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Necrotizing sialometaplasia

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Author: Sanketh DS, MDS


Necrotizing sialometaplasia (NS) is a non-neoplastic, inflammatory process predominantly involving the minor salivary glands. It is a rare lesion classically occurring in the minor salivary glands of the hard palate. One has to be cautious when diagnosing the lesion since it may mimic malignant diseases like oral squamous cell carcinoma (OSCC) and mucoepidermoid carcinoma both clinically and histologically. NS usually does not require treatment since it is self-healing.

This lesion is believed to arise as a result of ischemic necrosis that may be triggered due to an alteration in the local blood supply. A number of predisposing factors have been reported that may be involved in compromising the local blood supply to the salivary glands. Some of them are blunt force trauma, trauma due to local surgical procedures and injection of local anaesthesia, upper respiratory tract infections, alcohol and tobacco abuse. NS has also been reported to be associated with eating disorders like bulimia nervosa where patients have violent or induced vomitting. However, there have been cases where individuals have been affected without any known predisposing factors.


NS usually occurs in adults with a mean age of 47 and manifests twice as frequently in males than females. It begins as a tender swelling with the mucosa appearing erythematous. After a few weeks, the necrotic tissue breaks down and creates a punched out deep seated crater like ulceration. The ulceration may be at 1-3 cm in diameter and has a yellowish-grey base. NS may at times also cause destruction of the underlying palatal bone. This lesion surprisingly is not very painful and patients usually complain of a mild dull pain although patients may also be totally asymptomatic.

It most commonly affects the palatal salivary glands and can be located unilaterally or bilaterally.   This lesion has also been reported to involve minor salivary glands in the buccal mucosa, tongue and retromolar pad. NS is almost exclusively a lesion of the minor salivary gland and very rarely affects major salivary glands.

Clinically the punched out crater like ulceration may mimic lesions like squamous cell carcinoma or other malignant salivary gland tumors. Also lesions like syphilitic gummas and fungal infections like mucormycosis may have a similar manifestation and is important to rule out these lesions with a biopsy!


Under the microscope, NS has distinctive features, although care must be taken not to misdiagnose it as OSCC or MEC. The ulceration manifests as an absence of epithelium, histologically seen as fibrin and granulation tissue replacing the missing epithelium. Under the ulceration, the diseased minor salivary gland tissue appears to have acini that have undergone coagulative necrosis.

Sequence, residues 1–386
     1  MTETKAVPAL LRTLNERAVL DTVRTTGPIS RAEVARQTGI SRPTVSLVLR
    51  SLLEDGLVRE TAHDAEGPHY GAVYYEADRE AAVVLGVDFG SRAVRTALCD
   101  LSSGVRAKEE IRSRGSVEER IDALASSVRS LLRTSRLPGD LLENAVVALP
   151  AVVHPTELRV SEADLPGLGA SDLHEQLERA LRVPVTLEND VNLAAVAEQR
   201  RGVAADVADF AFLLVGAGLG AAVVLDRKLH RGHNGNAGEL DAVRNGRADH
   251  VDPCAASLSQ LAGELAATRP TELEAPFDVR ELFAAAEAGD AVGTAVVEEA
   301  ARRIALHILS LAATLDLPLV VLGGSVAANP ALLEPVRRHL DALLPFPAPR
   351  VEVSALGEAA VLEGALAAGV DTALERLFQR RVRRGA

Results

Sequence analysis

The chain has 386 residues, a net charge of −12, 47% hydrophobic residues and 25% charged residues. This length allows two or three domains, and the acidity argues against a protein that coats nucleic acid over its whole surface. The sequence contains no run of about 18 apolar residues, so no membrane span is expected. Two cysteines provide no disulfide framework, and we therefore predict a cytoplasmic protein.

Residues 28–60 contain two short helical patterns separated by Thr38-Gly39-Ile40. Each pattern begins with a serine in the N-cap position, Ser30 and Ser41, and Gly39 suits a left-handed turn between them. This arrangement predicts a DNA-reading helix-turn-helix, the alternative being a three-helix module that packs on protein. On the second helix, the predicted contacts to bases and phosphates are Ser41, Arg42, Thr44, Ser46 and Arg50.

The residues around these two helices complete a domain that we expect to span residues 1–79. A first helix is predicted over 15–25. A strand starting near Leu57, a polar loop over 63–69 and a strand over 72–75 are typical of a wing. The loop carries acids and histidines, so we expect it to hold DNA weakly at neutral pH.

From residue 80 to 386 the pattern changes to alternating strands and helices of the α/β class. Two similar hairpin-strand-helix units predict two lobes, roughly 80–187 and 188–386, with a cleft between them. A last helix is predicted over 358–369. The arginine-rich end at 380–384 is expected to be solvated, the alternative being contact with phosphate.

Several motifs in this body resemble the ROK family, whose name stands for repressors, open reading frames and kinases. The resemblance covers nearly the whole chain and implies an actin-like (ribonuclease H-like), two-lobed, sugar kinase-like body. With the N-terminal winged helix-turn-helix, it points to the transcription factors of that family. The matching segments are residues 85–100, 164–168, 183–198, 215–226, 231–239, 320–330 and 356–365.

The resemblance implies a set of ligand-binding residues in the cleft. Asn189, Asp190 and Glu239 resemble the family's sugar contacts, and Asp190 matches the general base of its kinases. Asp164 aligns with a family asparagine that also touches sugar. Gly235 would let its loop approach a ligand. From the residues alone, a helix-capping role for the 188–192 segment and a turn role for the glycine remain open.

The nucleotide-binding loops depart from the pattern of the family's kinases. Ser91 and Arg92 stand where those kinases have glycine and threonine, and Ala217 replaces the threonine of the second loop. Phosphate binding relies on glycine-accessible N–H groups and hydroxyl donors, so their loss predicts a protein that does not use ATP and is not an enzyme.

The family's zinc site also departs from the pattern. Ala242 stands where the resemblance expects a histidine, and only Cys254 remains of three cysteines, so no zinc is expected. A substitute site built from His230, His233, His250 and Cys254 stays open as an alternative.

Remember that coagulative necrosis is a form of necrosis in which the overall architecture of the necrosed tissue is maintained for a few days.

Hence the cytoplasmic borders of the cells of the acini are maintained while the cells themselves appear to be pale, bloated and distended with no nuclei (necrosed). Neutophils and foamy histiocytes may be seen scattered around the necrosed acini, where mucin may have leaked and attracted the inflammatory cells.

Also seen around the necrosed acini are small nests or islands of squamous cells, which are actually salivary gland ducts that have undergone squamous metaplasia.

Metaplasia is a process where a differentiated adult cell type is replaced with another cell type.

Salivary ducts seen histologically are usually striated ducts or excretory ducts. Striated ducts are composed of columnar cells and excretory ducts are lined by pseudo-stratified columnar cells. In the context of NS, the minor salivary gland ducts undergo a squamous metaplasia, where the columnar or pseudo-stratified columnar cell type is replaced by a squamous cell type.

Ducts that have undergone squamous metaplasia may look like malignant squamous cells seen in OSCC or MEC. Causing further dilemma is the overlying mucosal epithelium showing, what is called a pseudo-epitheliomatous hyperplasia, which again mimics a proliferative epithelium seen in a malignant process like OSCC. However, one way to distinguish NS from malignant diseases is by noting that the squamous ductal cells in NS do not show any dysplasia or atypical features. Also MEC does not usually manifest with necrosis and may also have other cells like intermediate and mucous cells proliferating.


NS is a benign and a self-limiting lesion that heals within a few weeks. No surgical intervention is required. Patient reassurance and occasional use of analgesics may be enough.


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